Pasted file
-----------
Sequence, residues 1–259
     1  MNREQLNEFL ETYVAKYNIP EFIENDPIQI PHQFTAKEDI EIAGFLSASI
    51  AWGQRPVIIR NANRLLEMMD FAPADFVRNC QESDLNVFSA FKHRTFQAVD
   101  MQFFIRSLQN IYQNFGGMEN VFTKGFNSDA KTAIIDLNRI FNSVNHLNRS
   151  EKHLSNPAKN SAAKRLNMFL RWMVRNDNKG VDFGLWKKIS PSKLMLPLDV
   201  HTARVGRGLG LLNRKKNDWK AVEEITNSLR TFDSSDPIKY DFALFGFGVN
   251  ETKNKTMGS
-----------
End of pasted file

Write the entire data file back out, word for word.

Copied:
Sequence, residues 1–259
     1  MNREQLNEFL ETYVAKYNIP EFIENDPIQI PHQFTAKEDI EIAGFLSASI
    51  AWGQRPVIIR NANRLLEMMD FAPADFVRNC QESDLNVFSA FKHRTFQAVD
   101  MQFFIRSLQN IYQNFGGMEN VFTKGFNSDA KTAIIDLNRI FNSVNHLNRS
   151  EKHLSNPAKN SAAKRLNMFL RWMVRNDNKG VDFGLWKKIS PSKLMLPLDV
   201  HTARVGRGLG LLNRKKNDWK AVEEITNSLR TFDSSDPIKY DFALFGFGVN
   251  ETKNKTMGS